Saturday, 14 April 2012


JC worked at a car/farm machinery dealership about twenty miles north of the border for several years. Started out as a mechanic and finished as a--mechanic/service manager, the job was demanding but somehow fulfilling as well. He often said that if the place hadn't run into hard times in the early 80s he'd probably still be there, frustrations and all.

As often happens with small dealerships there is a lot of interaction between all departments and management. That is to say that there is a lot of personal contact/dialogue going on. Often times upper management would try to overide the lower position if he thought he needed some favors done for a friend. Trouble is, with people like JC, those favor requests would be ignored in order to satisfy promises already made to customers whose units were likely already in the shop. Oftentimes that would lead to some heated confrontations.

Now let me back up a bit. JC wasn't an obstinate individual. Stubborn, ornery, pig-headed, definitely, but not obstinate.

Alright just a little obstinate. Let's just say for the record that he was a man of his word. If he promised that he'd take on a project, he'd take it on. Anyone else that showed up later would be looked after... Later. And if that customer tried to convince JC that he should be first in line, JC would just point to the vehicles and machinery in the shop and ask the customer who should be bumped because he wasn't as important, and if so would the new self-righteous customer like to phone the party to be bumped and explain why.

No one got bumped...

Let's also mention some things about the boss. GA wasn't a bad person most of the time; in fact he was a good person--most of the time and somewhat of a horse's backside the rest of the time. Short-tempered would be a gross understatement as he could take the paint off the walls when he got mad. In fact there was a time he was walking through the shop shortly after a dead-head vehicle was towed in and the chain was in a pile on the floor. He tripped over it then turned around and savagely kicked it, breaking one of his toes in the process. But aside from that, he had two real bad faults:

First, he tended to make promises to friends then forget to mention that to the service department. When that friend showed up and found that said promise hadn't been kept, he'd first try to tear a strip off JC who promptly (sometimes politely) steered the irate customer to the source of the promise and let them battle it out.

Second, he brought his personal (read: spousal) problems to work with him. And maybe I should go a little easier on ol' GA and blame some of his behavior on his better half.

She could be a cold-hearted, self-centered, judgemental, unreasonable, vindictive, bad-tempered, back-stabbing bee-otch. And that was on her good days. For four days a month--yes, when she was flying the red flag--she was unbearable; to the point where all personnel back at the shop marked those formidable days in red every month.

You did not talk to the boss on those days; avoid him at all costs...

Well, this story involves a little bit of all of that.

It was just after closing time on a Thursday night. Everyone had gone home except for JC. He was actually in the act of locking up when a carrier showed up from Melchin's to drop off some new vehicles. The job of checking the vehicles over didn't involve much at all so JC simply checked them off, labeled the keys and dropped them into the vehicle sales manager's office. Just as he was leaving, the boss pulled in with his big old Caddy and got out.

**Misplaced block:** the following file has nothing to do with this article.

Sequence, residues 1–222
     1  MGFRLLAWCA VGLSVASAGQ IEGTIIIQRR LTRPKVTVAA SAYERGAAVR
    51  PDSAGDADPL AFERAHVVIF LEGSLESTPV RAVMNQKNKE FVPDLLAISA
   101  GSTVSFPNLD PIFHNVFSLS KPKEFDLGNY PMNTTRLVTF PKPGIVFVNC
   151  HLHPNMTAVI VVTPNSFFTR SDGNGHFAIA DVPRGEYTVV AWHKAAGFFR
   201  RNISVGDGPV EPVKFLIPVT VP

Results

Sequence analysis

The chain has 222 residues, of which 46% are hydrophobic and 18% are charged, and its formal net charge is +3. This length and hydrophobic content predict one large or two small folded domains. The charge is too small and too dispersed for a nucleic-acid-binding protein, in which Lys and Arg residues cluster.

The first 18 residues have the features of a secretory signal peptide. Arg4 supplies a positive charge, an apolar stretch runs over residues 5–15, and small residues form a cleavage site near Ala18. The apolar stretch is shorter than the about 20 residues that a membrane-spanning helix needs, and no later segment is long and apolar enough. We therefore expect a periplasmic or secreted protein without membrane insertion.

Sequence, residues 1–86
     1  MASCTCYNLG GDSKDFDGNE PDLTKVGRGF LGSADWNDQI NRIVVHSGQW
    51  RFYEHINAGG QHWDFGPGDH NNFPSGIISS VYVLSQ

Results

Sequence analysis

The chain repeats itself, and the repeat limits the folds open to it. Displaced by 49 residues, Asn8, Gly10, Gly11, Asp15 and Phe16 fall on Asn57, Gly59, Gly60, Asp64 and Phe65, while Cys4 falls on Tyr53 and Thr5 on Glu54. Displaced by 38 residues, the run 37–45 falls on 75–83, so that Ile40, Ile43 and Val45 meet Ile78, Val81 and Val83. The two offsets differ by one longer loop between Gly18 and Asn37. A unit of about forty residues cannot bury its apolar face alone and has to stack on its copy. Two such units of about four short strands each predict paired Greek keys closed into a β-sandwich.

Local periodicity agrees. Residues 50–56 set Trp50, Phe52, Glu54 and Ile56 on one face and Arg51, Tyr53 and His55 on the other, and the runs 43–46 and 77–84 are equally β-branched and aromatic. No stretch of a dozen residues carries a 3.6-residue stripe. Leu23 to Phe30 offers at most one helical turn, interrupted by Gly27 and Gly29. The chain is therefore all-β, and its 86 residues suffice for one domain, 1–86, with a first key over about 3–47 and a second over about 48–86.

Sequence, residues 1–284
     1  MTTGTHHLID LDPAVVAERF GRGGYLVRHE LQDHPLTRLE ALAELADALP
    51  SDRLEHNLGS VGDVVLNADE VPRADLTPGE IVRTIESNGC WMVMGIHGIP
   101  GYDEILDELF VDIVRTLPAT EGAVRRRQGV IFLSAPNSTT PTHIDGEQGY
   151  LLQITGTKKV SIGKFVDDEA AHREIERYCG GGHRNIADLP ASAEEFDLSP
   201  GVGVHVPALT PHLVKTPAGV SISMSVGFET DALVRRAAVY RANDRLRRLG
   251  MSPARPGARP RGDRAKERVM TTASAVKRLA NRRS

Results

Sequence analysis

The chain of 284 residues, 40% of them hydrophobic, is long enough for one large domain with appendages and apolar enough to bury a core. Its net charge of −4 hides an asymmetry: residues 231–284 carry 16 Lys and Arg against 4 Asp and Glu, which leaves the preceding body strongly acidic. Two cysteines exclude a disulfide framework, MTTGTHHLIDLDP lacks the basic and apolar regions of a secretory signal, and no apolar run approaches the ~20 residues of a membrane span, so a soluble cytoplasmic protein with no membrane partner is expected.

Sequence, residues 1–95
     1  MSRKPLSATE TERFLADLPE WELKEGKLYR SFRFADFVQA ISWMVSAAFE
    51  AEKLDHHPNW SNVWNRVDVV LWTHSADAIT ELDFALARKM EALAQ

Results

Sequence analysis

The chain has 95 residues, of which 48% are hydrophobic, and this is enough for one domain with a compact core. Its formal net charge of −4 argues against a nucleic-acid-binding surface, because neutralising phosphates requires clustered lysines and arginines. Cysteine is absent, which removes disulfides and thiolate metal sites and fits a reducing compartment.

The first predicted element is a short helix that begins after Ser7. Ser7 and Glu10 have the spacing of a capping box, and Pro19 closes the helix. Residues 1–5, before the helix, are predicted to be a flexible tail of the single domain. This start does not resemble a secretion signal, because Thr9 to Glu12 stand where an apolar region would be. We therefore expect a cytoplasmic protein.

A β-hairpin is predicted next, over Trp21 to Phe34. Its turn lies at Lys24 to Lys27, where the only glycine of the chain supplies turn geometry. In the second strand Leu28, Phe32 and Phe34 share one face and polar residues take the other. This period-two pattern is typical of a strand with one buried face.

"I saw that load coming in and I need my friend's two 3/4 ton trucks serviced and ready to deliver tomorrow!" he thundered.

JC knew which vehicles those were: two plain jane 3/4 ton pickups painted calf scour yellow (the manufacturer's Desert Tan) ordered in for the friend's construction company. "Can't do that," JC responded. "Got two guys missing tomorrow and we've got four units already promised."

"But I can some in Saturday and get them ready," JC offered as a possible way out.

GA started getting insistant but JC stuck to his guns; the shop couldn't work them in. The argument finally ended with GA mentioning something about who signed JC's paychecks and JC saying something about someone else who signed his paychecks before he took the job with GA.

It wasn't pretty.

GA strode back to his car, kind of backwards with his head cocked around as he continued to threaten JC about the consequences of disobeying a direct order. He reached out blindly with his right hand and grabbed the door handle, jerked the door open and jumped inside, slammming the door extra hard behind him. Then he turned around, reached for the keys and the steering wheel tilt control...
...only to find that someone had moved the steering wheel and controls one seat ahead; he had inadvertantly gotten himself into the back seat. Needless to say, he quickly got out and bounced poste-haste into the front seat and left the place.

The two new vehicles weren't delivered on Friday but as was promised, JC came in on his own and prepared them on Saturday. The friend didn't even find out that they'd arrived until Monday afternoon...


  1. Totally ruined his big exit!!! Good for JC that he stuck to his guns . . . so to speak.

  2. Workers like JC are few and far between. These days there are far too many yes men.

    1. Yes, JC was (and still is) somewhat stubborn but mostly for the right reasons. It was always much better to call the situation for what it was than to make promises you couldn't keep. So many business owners (and especially sales personnel) could be such Yes-men. All for the sake of a sale.

      Thanks for stopping by.